The thunderstorms and heavy rain had passed, so I set off to one of my favourite lakes, Farum Sø. Soon I had located a campsite and was relaxing enjoying the late evening sunshine.



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Posted in CampingnotHiking, Farum Sø, Tarptent Notch | Leave a comment

Camønoen: Møns Geo Centre to Klintholm Havn

Summer had finally arrived in Denmark and with a visitor from Australia it seemed like the ideal time for a short overnighter along the coast. Coincidently I had recently been made aware of Camønoen, a collection of trails around the three islands of Møns (famous for its UNESCO World Heritage recognised White Cliffs), Nyord and Bogø. Given there was so many sections along the coastline, it seemed like the ideal location for a short overnighter.

After 2 hours on public transport we arrived, with many others, on the bus at Møns Geo Centre  a place worth spending time at, but as it was peak season it was rocking with many day tourists taking the opportunity to explore the area and visit the displays.

We quietly slipped around the back of the centre and onto the board walk which would take us westwards towards Klintholm Havn.



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Posted in Camønoen, CampingnotHiking, Coastal Walking, Denmark, Tarptent Notch | 2 Comments

Camping not Hiking

Many of my regular readers will have noticed that I have been inactive with regards to trail reports over the past few months, initially this was because of an injury to my knee. However, once that had recovered, another more serious health issue arose resulting in a series of treatments and less activity. But now I am beginning to look outdoors again.

For the time being the focus will be on camping as opposed to long distance hiking, that is, trips of short distance to nice camping locations here in Denmark or further afield. As I began to think about camping spots in Denmark I began to scroll through my many photos looking at locations which I have enjoyed over the years. It is these campsites that have kept me going outdoors, no matter the weather or the location.

With the multitude of beaches in Denmark there is never a shortage of sand to camp on. At this location perhaps the most entertaining aspect was the fishing trawler, fully loaded with duck hunters, criss crossing its path trying to shoot sitting ducks. My impression was that no ducks were harmed, but much alcohol was consumed.


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Posted in Black Diamond Shelter, CampingnotHiking, Coastal Walking, Denmark, GoLIte, Tarptent, Tarptent Moment DW, Tarptent Notch, Uncategorized | Tagged | 14 Comments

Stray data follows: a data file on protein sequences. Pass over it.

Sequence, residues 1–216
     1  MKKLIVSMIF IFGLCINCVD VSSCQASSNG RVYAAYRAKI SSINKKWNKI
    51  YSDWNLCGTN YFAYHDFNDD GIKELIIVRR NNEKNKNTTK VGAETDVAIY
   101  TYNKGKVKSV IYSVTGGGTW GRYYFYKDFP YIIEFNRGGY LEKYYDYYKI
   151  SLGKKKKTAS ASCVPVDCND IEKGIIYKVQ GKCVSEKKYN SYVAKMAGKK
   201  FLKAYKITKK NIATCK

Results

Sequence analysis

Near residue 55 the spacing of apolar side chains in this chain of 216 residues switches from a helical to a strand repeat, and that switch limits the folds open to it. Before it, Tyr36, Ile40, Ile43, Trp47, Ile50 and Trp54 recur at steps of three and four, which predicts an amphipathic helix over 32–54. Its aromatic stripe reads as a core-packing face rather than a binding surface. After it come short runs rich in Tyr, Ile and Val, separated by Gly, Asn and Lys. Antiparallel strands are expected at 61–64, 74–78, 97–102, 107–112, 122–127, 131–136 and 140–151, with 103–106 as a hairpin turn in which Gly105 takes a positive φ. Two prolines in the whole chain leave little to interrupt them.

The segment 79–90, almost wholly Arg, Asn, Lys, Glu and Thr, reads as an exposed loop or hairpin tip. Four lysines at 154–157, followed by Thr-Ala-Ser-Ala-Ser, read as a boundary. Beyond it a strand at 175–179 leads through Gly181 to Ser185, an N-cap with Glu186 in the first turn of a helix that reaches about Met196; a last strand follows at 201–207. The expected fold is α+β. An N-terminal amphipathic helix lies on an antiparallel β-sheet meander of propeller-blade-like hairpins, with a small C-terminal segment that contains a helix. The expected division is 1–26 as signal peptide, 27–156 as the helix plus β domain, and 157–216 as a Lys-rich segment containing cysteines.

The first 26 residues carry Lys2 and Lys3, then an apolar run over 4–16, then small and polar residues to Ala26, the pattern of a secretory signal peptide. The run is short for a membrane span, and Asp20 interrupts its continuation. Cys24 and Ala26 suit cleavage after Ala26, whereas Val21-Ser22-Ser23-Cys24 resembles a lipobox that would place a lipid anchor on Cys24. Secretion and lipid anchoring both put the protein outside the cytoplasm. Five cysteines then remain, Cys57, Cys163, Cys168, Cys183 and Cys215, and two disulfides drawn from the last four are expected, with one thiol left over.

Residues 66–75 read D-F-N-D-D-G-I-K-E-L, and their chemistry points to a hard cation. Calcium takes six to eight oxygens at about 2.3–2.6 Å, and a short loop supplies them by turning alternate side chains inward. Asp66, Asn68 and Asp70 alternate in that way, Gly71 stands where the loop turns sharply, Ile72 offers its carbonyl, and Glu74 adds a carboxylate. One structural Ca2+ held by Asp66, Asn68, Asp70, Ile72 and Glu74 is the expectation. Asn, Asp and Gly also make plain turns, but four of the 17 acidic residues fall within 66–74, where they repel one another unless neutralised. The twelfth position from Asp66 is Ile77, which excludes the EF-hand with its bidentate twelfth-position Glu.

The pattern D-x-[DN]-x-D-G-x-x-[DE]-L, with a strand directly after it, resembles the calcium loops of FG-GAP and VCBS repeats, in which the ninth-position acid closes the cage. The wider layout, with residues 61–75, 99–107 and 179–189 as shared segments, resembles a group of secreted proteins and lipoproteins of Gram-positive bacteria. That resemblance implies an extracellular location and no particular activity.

Ruta Locura Jetboil modification

I have been a long term user of the Jetboil, and one of its only draw backs, in my view, is its weight. However, Ruta Locura have developed a modification which utilises a 24 gram gas burner from China. The burner, BRS-3000T,  was favourably reviewed by Roger Caffin at BPL.com (membership required) and to date I have found it to be a reliable burner. The only downside in my opinion is the aluminium thread which connects the burner to the canister, a brass thread would be a better option (see my experiences with the original Jetboil burner here)


The Ruta Locura modification includes, the burner, a Carbon Fibre lid and 2 circular discs of titanium foil to mount the burner and to protect the gas canister from the reflected heat. The latter disc provides the added advantage of being able to store the burner within the heat exchanger section of the pot allowing more storage space within the pot. A full review by Ryan Jordan of this system can be found here (membership required).

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Posted in Jetboil | 3 Comments

Why am I not using Pacer Poles, at the moment?

As many of my readers know I have been a long term user of Pacer Poles, with one of the most important aspects in my view being the handles. However, it is the handles which are the only drawback for me at the moment.


Recently I have been focussing on only using one pole when hiking, my reason being that with one pole I walk slower. However, I always carry the second pole and can grab it if needed. When using only one pole I tend to use it as a hiking staff, with the added bonus I can swap from hand to hand whenever the need arises.  To date I have found this approach successful, though in more rugged country I would likely need to use two poles.

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Posted in Cascade Carbon Poles, Gear, Pacer Poles, What works for me. | 2 Comments